Locked In Locked Out:
Linking Japanese American Internment to Your Rights Today


A series of public programs sponsored by The Japanese American Historical Society and San Diego Public Library to be held at:

San Diego Public Library
820 E Street
San Diego, CA 92101

All of these events are free and open to the public


Farewell to Manzanar (Lecture)

Thursday, March 28, 2002 at 6:30 pm
(in the 3rd floor auditorium of the Central Library)

Farewell to Manzanar has become a standard and classic that is found on school curriculums and college campuses across the country. In 2001, the San Francisco Chronicle named it one of the twentieth century’s 100 best non-fiction books from west of the Rockies. It’s author, Jeanne Wakatsuki Houston, will speak about her internment experience and how the lessons learned from America’s past resonate today, especially after the terrorist attacks experienced on September 11, 2001.


Golden State Meets Gem State: Californians at Idaho’s Kooskia Internment Camp, 1943-1945 (Lecture)

Thursday, April 4, 2002 at 6:30 pm in the 3rd floor auditorium of the Central Library.

The Kooskia (KOOS-key) Internment Camp is an obscure and virtually forgotten World War II detention facility that the Immigration and Naturalization Service (INS) operated for the Justice Department between May 1943 and May 1945. Located in a remote area of north-central Idaho, it was unrelated to the Minidoka Concentration Camp in southern Idaho, and the others, which were run by the War Relocation Authority (WRA). The Kooskia Internment Camp held a total of some 265 so-called “enemy aliens” of Japanese ancestry, 31 percent of whom were from, or returned to, California. The remainder came from numerous other states; from the then-territories of Alaska and Hawaii; and even from Peru, Mexico, and Panama. Priscilla Wegars, who has a B.A. and an M.L.S. from the University of California, Berkeley, and a Ph.D. in History from the University of Idaho, Moscow, will present her findings.


Day of Remembrance (Commemorative Ceremony)

Thursday, April 18, 2002 at 6:30 p.m. in the 3rd floor auditorium of the Central Library.

Commemorating the 60th Anniversary of Executive Order 9066, which forced the internment of Japanese Americans during World War II, this event highlights the work of San Diego Childrens’ Librarian Clara Breed. When most Americans were willing to sacrifice the civil liberties of their fellow citizens, Ms. Breed spoke out against the injustice of the incarceration. She corresponded with the children living in the camps and became a sounding board for their thoughts, feelings, frustrations and dreams. Students from Mount Carmel High School will read from the letters that were exchanged between Ms.Breed and the interned children, some of whom will be in attendance.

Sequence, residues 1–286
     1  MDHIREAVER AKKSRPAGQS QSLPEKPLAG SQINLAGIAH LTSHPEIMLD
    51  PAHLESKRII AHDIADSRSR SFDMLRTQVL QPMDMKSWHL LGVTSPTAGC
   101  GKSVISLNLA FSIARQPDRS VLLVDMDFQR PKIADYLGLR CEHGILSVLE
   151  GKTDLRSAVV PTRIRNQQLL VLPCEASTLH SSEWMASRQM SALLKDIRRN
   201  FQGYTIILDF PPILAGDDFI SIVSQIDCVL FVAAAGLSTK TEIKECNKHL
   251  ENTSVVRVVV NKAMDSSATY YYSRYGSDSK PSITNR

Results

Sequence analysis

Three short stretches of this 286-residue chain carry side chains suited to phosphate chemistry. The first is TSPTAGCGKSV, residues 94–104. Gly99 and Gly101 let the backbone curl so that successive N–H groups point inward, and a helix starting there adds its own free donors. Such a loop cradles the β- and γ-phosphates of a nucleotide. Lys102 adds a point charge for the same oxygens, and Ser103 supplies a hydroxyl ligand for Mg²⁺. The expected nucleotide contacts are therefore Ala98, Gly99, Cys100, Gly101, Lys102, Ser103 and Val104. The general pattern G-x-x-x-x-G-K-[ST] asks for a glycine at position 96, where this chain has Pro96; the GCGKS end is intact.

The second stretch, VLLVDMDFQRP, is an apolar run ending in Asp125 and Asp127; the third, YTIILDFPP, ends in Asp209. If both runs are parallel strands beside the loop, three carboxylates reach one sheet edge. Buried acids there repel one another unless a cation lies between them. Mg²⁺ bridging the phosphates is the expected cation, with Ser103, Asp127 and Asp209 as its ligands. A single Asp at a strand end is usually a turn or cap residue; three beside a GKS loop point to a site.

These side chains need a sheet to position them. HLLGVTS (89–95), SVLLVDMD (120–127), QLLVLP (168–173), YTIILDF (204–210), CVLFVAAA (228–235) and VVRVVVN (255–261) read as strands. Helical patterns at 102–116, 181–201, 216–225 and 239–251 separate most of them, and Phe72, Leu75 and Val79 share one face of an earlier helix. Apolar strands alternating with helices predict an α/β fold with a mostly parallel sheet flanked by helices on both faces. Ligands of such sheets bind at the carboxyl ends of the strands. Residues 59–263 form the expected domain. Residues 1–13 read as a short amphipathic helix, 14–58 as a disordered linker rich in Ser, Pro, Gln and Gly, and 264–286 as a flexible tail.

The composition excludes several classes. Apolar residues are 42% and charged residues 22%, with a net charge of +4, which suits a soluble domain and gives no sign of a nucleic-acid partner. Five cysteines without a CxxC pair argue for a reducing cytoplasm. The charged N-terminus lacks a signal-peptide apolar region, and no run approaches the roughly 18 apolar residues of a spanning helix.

Una Storia Segreta (Author reading and discussion)

Tuesday, May 7, 2002 at 6:30 p.m. in the 3rd floor auditorium of the Central Library.

Larry DiStasi, author of Una Storia Segreta: The Secret History of Italian American Evacuation and Internment During World War II, will speak at the San Diego Cental Library on Tuesday, May 7th, 2002. In a collection of essays, Una Storia Segreta tells the little known story of the Italian Americans’ internment and evacuation. In California, Italian resident aliens were subjected to a curfew, searches and seizures of their property and evacuated from prohibited zones along the coast. An estimated 10,000 persons of Italian heritage were relocated from the west coast. Mr. DiStasi will read from his book, discuss the California experience and answer questions from the audience. This event is co-sponsored by the Italian American Arts Foundation and the San Diego Japanese American Historical Society.


Enemies (Author reading and discussion)

Tuesday, August 6, 2002 at 6:30 p.m. in the 3rd floor auditorium of the Central Library.

John Christgau, author of Enemies: World War II Alien Internment, will speak at the San Diego Cental Library on Tuesday, June 6, 2002. Mr. Christgau writes about the Enemy Alien Internment program, which was in effect from 1941 to 1946. This program confined 31,000 people. In his book, Christgau concentrated on telling individual accounts from one internment camp, Fort Lincoln, North Dakota, as representative of the entire program. Using primary sources, he tells the stories of many former prisoners from a variety of backgrounds. In some cases individual rights were taken away on only hearsay evidence. Mr. Christgau will answer questions from the audience.


All of these events are free and open to the public.

This program is supported in whole or in part by the U.S. Institute of Museum and Library Services, under the provisions of the Library Services and Technology Act, administered in California by the State Librarian.


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